Daoism is the indigenous Chinese religion that emphasizes a spontaneous, intuitive approach to the dao (the "Way") that lies beneath being and non-being. Buddhist ideas and meditation techniques imported from India interacted with Daoism, giving rise to the Chinese Ch'an school of Buddhism. Ch'an was in turn transmitted to Japan, where it is known as Zen. We will examine the history, theory, and practice of these three traditions, and their impact on Chinese and Japanese philosophy, literature, and art.
Human Freedom in Modern Christian Thought
Designed primarily for those already concentrating in Religion, this discussion-based course will survey the several senses in which human freedom has been a problematic issue within modern Christian thought. Against the background of the theme of the “bondage of the will” in Augustine, Luther, Calvin, and others, emerging modern conceptions of freedom have created a series of provocative challenges for theologians. The course will include consideration of the theological strategy of driving freedom “inward,” as a hidden part of the self, and the more recent insistence that authentic freedom must be social and political in nature, as in contemporary liberation theology. In addition, the course will consider thinkers who maintain that religious belief and authentic freedom are simply incompatible. Enrollment limited to twenty students; permission of the instructor required.
Indian Buddhist Thought
Indian Buddhist philosophers produced a vast amount of speculative thought that is categorized under the heading of four schools. In their differing accounts of what exists and how we know it, the schools include the 'realist' Vaibhasikas, the 'idealist' Yogacaras, and the 'nominalist' Madhyamikas. Because Buddhist philosophy is intimately related to soteriology, the schools also vary in their descriptions of spiritual bondage, the path, and liberation. This course will survey fifteen hundred years of Indian Buddhist formal philosophy, with a focus on several of the classic texts. Prerequisite: Previous college coursework in Buddhism, e.g.: "Buddhism," "Asian Religions," "Cultural History of Tibet."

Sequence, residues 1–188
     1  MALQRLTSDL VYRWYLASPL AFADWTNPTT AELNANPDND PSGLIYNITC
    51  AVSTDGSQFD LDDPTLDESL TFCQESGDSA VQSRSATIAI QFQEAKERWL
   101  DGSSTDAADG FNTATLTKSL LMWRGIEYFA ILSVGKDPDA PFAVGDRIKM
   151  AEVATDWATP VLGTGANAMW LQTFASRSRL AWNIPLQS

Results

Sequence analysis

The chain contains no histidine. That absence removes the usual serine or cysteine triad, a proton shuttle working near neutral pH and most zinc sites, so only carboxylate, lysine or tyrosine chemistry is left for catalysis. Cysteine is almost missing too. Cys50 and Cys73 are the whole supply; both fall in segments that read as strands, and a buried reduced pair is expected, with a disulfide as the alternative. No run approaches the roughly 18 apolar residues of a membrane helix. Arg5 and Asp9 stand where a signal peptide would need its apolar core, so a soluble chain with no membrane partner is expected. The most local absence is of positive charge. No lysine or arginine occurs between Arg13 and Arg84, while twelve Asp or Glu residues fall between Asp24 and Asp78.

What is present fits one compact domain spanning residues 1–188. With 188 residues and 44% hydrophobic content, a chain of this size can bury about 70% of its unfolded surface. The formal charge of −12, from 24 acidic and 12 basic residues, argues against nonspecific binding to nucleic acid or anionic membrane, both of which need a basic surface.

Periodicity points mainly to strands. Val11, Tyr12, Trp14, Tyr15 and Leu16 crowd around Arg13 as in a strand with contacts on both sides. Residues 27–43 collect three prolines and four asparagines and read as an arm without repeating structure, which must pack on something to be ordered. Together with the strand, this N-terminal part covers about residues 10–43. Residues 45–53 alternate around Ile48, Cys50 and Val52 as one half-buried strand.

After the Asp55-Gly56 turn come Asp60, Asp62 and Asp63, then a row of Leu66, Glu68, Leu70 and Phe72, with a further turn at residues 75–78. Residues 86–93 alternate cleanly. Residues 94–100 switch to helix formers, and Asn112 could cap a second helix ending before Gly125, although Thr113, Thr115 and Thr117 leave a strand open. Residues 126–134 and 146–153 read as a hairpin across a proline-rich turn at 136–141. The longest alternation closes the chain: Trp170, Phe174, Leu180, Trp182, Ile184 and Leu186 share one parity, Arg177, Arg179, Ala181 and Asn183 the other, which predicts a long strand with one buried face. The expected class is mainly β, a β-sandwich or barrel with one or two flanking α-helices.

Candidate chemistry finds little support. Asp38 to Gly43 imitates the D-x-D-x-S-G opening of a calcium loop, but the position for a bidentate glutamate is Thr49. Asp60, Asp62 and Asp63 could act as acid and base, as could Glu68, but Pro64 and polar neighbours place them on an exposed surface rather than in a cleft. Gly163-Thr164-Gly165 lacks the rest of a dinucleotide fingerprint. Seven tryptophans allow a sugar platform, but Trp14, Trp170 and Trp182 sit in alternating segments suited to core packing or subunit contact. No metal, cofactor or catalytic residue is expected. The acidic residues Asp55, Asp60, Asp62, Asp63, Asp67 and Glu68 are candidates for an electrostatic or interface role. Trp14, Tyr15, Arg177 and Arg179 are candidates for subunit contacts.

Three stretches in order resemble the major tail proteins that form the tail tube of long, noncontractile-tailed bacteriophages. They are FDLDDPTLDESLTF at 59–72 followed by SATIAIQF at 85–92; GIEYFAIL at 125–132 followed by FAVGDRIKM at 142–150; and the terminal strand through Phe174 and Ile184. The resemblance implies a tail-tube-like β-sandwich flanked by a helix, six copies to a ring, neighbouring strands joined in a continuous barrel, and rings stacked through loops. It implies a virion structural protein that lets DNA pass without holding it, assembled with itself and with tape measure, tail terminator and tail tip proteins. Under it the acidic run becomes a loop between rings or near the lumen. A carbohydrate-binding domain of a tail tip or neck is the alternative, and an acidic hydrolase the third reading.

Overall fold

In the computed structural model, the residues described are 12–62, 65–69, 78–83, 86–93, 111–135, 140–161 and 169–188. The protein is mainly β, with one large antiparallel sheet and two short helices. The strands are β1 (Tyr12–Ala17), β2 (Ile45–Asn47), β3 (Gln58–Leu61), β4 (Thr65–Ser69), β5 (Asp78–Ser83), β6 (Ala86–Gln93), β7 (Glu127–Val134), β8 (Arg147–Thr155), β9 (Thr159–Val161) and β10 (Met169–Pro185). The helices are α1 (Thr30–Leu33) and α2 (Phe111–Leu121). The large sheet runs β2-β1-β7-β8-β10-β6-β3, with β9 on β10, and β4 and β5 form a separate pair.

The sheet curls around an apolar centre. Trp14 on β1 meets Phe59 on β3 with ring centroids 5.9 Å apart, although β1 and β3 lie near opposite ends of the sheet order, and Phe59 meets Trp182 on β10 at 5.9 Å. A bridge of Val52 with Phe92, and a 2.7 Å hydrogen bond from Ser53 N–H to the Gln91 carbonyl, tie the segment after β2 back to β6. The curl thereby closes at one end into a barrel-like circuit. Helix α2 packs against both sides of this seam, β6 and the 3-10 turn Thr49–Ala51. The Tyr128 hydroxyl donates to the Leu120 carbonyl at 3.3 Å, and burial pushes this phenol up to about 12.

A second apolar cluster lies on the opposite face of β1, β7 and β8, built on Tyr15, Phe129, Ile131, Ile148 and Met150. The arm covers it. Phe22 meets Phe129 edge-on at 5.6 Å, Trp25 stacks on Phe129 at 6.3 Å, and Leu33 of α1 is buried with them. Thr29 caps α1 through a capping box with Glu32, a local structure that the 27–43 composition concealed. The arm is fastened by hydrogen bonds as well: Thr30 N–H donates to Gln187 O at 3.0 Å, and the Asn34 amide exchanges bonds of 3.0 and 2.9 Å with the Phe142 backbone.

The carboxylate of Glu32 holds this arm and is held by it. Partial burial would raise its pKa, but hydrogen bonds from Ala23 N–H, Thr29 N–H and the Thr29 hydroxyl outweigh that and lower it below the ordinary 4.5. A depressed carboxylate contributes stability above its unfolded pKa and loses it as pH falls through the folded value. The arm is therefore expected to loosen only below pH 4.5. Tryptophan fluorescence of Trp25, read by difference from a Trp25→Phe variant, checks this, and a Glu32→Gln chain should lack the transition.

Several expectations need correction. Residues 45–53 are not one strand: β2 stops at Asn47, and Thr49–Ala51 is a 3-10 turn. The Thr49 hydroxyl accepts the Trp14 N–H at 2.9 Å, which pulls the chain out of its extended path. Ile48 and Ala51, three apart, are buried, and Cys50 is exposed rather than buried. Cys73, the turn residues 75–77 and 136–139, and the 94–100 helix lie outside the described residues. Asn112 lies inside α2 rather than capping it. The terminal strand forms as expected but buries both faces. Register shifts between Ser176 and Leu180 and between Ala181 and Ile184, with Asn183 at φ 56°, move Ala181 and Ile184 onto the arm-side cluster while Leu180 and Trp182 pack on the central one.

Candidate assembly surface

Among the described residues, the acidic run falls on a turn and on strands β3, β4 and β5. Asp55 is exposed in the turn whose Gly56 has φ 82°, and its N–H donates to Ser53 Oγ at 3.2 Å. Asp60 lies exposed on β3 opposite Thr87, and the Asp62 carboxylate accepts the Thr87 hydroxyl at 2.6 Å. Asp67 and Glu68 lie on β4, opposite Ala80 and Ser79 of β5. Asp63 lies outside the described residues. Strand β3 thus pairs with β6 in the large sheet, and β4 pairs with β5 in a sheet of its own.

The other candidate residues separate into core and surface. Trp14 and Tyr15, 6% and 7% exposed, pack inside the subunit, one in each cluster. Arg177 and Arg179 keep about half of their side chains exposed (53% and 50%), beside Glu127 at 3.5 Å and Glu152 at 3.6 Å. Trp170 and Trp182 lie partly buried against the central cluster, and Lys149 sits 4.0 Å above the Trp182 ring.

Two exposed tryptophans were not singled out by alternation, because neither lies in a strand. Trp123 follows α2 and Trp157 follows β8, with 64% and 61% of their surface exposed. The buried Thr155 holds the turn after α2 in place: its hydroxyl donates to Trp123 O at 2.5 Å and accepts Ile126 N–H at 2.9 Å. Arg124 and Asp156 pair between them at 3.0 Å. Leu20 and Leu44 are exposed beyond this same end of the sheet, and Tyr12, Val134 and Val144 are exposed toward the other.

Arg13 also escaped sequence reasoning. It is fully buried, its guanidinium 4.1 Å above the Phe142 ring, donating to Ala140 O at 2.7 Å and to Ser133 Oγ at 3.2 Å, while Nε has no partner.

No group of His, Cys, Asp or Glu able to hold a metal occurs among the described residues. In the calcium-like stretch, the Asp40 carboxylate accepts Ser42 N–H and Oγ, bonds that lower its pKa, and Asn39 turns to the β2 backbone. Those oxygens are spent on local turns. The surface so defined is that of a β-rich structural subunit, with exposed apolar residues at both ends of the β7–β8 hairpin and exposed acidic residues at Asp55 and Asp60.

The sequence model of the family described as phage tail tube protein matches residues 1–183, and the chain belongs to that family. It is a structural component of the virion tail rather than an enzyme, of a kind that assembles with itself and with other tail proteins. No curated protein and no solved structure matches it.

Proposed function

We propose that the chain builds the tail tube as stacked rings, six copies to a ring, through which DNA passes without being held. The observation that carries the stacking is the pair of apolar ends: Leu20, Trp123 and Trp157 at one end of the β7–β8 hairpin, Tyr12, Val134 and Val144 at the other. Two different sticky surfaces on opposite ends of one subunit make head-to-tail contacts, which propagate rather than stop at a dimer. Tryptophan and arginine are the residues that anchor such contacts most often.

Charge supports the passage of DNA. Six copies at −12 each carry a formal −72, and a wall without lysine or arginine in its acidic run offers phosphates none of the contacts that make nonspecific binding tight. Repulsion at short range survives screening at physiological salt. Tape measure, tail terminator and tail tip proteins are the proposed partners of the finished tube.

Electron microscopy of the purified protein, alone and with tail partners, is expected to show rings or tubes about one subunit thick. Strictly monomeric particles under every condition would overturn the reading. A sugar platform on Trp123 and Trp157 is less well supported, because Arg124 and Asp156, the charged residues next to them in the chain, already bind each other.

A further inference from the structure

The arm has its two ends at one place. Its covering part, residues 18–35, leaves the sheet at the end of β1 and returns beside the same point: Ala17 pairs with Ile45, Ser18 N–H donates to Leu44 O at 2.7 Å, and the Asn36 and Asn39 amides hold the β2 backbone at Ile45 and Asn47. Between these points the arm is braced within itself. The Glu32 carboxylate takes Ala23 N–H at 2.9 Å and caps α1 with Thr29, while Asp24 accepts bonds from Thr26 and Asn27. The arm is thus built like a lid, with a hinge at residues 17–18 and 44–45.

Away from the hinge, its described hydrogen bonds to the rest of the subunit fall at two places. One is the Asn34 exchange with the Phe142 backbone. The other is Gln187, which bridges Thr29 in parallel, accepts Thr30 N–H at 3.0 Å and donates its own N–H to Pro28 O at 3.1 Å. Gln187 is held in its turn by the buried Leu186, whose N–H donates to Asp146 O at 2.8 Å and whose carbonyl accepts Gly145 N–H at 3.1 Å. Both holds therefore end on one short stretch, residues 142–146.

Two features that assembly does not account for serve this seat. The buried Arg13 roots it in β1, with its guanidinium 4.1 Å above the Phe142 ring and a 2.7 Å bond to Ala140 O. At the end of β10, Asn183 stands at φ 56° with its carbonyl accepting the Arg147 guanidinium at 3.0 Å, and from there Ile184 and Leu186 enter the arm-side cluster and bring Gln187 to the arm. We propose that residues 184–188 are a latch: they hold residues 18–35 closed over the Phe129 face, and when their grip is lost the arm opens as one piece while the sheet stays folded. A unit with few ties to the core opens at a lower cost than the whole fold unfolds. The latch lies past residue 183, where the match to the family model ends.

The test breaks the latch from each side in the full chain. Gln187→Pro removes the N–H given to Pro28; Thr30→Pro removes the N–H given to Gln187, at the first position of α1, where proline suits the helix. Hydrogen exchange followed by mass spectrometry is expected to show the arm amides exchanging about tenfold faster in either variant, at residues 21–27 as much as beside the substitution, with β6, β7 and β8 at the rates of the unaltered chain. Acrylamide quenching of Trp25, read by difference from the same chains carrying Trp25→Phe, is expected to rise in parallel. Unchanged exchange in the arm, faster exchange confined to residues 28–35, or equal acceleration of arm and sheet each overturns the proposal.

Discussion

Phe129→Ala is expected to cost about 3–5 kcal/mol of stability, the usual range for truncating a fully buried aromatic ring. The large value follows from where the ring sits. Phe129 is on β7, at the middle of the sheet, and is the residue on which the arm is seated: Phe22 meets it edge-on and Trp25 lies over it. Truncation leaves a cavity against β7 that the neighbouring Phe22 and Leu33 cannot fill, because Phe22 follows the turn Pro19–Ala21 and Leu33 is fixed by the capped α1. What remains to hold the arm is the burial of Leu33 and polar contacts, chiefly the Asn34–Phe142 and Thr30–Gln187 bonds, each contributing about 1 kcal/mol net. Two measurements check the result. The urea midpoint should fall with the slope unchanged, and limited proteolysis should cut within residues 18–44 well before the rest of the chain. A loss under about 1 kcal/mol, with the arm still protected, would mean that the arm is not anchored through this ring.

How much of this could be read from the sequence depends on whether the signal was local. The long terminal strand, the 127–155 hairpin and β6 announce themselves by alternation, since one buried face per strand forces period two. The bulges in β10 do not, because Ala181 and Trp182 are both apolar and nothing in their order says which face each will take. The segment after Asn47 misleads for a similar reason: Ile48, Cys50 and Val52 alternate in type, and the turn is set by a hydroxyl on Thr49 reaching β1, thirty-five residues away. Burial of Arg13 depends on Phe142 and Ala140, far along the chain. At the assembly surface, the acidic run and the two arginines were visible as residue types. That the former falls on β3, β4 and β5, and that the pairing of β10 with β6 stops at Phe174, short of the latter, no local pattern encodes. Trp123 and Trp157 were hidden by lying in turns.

Introduction to American Religious History
This course is an introduction to the history of religion in the United States. It is organized thematically into five narrative sections that cover a general range of religious traditions in the United States, including Protestantism, Roman Catholicism, Judaism, Islam, and Buddhism. In each section, we will trace scholarly attempts to narrate the history of religion in the United States alongside primary sources. We will address such topics as disestablishment and democratization, immigration, race and ethnicity, social reform, urban religious life, revivals and awakenings, and religious diversity.
Introduction to Islamic Civilization
This course is an introduction to the study of the origins and nature of Islam as a religious and cultural force. We will give special attention to its history, its founder, its sacred literature, its theological diversity, its cultural movements, its communities, and its representation. The course is divided into five sections. First, we begin by asking how western scholars approach the study of Islam. Second, we discuss the sacred sources of Islamic tradition. Third, we survey key themes of religion and culture in early Islamic civilization. Fourth, we trace cultural Islamic movements in transnational contexts, such as global Hajj. This section also includes American encounters with Islam in the nineteenth and twentieth centuries, from the World’s Parliament of Religions in 1893 to the Oprah Winfrey show in 2001. Fifth, we read about particular Islamic communities in the United States. In this section, we emphasize cultural encounters with both America and modernity, two discursive categories critical to the construction of Muslim identities in the twenty-first century.
Introduction to the Study of Religion
This course is an introduction to the study of the forms, functions, and meanings of religious practices as observed in human cultures. Emphasizing the relationship between ritual practice, place, and sacred space, we will examine how scholars have approached the study of religion. It will quickly become clear that few scholars agree on the best methods for study. Nor do they agree on a definition for the subject of study, “religion.” This course will encourage you to define your subject of study and construct your own methods of theoretical analysis. To help you with this task, we will work together on specific examples of religious practices in particular places.